This sign hangs in the hallway that connects the tarmac to the customs area at the airport in Accra.  It says "Akwaaba" which means welcome in one of the many languages spoken in Ghana.  From the start, I've felt very welcome in Ghana.

Gabriel asked how long people can stay in Ghana.  According to my visa, I am allowed to stay for three months but I will, of course, be home after two weeks.  There are some visas that allow multiple entries over several years.  There are also work and student visas that allow people to stay longer.      

I consider this my Sunday or Monday blog entry so I will be making up the days that I missed.  Thanks for reading and for your patience!

The view from my hotel room:

Wednesday, February 29, 2012

Symposium Realizations

On February 17-18 I attended the TGC pre travel symposium in Washington D.C.  It was an amazing and at times overwhelming experience.  I came away from the weekend with two realizations.

1.)  You can meet your heroes!
There are many who say that meeting those you've admired from afar will only bring disappointment.    One of my cousins admired Jimmy Carter for many years before standing in line at a book signing near her home.  She apparently caught him on an off day or moment and came away completely uninspired if not totally disillusioned.  A music journalist friend of mine had a chance to interview one of his all-time favorite musicians, Neil Young.  He ended up so nervous that he was mostly incoherent throughout the interview.  During the online course portion of TGC, there were so many amazing people and resources introduced to us.  The Symposium brought several of these superstars of global education to sessions and a resource fair.  They did not disappoint!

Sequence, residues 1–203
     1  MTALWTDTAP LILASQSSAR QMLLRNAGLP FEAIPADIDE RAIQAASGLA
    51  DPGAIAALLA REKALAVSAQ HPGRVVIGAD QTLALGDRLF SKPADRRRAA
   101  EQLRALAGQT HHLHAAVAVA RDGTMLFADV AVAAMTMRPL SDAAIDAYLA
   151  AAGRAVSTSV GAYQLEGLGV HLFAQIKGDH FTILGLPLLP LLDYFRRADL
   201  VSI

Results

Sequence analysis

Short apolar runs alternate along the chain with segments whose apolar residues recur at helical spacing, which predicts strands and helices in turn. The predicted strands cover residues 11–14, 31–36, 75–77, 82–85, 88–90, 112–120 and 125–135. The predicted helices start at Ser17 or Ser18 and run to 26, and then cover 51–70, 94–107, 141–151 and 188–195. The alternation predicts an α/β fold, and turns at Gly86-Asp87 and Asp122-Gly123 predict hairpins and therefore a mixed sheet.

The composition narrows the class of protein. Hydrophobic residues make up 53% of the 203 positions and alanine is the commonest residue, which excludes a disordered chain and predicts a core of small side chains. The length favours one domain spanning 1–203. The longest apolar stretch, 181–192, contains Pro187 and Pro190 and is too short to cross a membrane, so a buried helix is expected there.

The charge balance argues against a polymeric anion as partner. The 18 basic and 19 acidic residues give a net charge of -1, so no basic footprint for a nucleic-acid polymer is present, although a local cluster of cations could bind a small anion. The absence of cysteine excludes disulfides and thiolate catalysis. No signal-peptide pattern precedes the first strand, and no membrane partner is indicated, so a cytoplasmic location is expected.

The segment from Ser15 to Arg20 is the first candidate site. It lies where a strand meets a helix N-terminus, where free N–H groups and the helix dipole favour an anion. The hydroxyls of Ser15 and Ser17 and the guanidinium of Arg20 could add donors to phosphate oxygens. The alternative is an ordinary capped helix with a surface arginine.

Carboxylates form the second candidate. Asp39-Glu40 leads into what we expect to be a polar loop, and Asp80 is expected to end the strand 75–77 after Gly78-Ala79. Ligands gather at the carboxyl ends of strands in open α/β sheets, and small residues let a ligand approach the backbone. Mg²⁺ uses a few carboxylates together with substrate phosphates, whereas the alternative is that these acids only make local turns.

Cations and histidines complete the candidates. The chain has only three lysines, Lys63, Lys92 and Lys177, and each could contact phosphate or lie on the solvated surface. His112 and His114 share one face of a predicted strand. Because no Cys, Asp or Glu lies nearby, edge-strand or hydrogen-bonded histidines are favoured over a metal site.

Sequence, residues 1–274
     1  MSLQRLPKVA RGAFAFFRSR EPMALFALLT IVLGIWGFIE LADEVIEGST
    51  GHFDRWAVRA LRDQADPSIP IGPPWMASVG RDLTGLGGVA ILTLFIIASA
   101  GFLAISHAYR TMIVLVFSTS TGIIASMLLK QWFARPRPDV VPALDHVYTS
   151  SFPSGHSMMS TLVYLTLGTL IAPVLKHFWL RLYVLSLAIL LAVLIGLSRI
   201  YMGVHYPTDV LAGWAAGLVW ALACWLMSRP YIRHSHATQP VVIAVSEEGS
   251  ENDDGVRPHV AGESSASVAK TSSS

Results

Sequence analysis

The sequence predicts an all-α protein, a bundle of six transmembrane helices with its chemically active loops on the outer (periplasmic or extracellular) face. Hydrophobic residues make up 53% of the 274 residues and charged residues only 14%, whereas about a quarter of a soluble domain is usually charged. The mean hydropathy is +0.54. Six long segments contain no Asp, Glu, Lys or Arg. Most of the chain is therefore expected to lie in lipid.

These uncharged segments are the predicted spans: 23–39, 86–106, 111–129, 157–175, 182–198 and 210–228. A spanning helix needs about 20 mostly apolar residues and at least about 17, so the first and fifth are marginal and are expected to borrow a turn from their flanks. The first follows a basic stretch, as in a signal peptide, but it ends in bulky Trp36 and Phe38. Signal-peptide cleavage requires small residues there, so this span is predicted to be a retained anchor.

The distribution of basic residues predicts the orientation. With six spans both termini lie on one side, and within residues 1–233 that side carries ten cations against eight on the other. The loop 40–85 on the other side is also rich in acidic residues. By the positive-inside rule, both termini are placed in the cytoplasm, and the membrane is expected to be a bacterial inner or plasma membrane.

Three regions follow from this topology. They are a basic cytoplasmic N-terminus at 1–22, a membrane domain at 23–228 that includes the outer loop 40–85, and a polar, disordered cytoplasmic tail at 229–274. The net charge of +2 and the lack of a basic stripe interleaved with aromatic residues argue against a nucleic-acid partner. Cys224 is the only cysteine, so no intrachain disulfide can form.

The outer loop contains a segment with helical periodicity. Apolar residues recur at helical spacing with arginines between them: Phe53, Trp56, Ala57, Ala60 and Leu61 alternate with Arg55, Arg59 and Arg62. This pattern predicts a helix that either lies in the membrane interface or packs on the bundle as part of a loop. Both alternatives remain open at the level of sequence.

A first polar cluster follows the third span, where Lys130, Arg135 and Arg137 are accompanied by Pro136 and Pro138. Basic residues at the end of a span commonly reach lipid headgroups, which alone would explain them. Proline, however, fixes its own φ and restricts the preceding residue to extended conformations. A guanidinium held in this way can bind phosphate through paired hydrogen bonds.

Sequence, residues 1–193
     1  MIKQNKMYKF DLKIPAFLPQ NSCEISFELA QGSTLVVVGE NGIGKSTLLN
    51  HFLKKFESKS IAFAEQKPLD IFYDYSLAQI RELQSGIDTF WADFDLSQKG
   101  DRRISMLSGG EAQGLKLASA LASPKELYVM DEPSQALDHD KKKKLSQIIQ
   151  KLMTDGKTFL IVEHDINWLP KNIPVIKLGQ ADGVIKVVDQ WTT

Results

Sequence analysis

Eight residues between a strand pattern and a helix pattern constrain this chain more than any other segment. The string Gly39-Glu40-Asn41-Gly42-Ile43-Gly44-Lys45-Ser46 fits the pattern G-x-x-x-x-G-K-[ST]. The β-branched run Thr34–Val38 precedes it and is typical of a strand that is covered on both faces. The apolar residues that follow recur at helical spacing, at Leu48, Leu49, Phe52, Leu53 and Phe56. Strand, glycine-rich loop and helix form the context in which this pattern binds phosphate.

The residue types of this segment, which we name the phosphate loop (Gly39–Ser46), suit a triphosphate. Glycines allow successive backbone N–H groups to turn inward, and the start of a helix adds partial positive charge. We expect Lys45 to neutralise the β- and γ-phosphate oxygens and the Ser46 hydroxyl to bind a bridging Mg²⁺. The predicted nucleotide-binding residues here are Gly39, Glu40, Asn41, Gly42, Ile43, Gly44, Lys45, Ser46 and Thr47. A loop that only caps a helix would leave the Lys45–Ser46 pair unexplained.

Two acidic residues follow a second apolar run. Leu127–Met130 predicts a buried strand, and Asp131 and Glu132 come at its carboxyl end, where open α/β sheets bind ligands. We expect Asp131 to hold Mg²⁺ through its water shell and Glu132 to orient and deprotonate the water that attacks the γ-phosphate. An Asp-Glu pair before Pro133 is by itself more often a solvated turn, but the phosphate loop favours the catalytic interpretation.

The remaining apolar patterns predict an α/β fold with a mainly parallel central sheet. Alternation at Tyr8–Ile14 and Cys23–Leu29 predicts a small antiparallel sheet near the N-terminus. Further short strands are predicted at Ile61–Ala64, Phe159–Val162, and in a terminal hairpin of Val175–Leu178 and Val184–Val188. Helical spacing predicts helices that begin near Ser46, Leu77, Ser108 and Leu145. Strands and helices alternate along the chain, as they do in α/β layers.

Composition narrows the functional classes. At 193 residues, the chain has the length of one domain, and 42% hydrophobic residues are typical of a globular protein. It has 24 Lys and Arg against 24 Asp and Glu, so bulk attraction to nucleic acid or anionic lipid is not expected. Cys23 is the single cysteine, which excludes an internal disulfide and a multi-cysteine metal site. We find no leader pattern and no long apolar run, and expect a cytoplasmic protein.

• Craig Perrier:  Craig was our online instructor and guide through fantastic resources and challenging assignments.  Craig and I sat at the same dinner table the first night and I so enjoyed talking with him!  He has a great sense of humor and I found him to be interesting and interested-two traits that don't always go together.